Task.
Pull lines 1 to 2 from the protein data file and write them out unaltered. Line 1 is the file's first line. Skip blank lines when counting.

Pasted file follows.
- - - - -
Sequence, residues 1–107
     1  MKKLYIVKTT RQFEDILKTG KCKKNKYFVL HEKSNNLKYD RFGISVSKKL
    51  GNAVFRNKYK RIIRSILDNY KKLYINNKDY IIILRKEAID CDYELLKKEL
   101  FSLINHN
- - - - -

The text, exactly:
Sequence, residues 1–107
     1  MKKLYIVKTT RQFEDILKTG KCKKNKYFVL HEKSNNLKYD RFGISVSKKL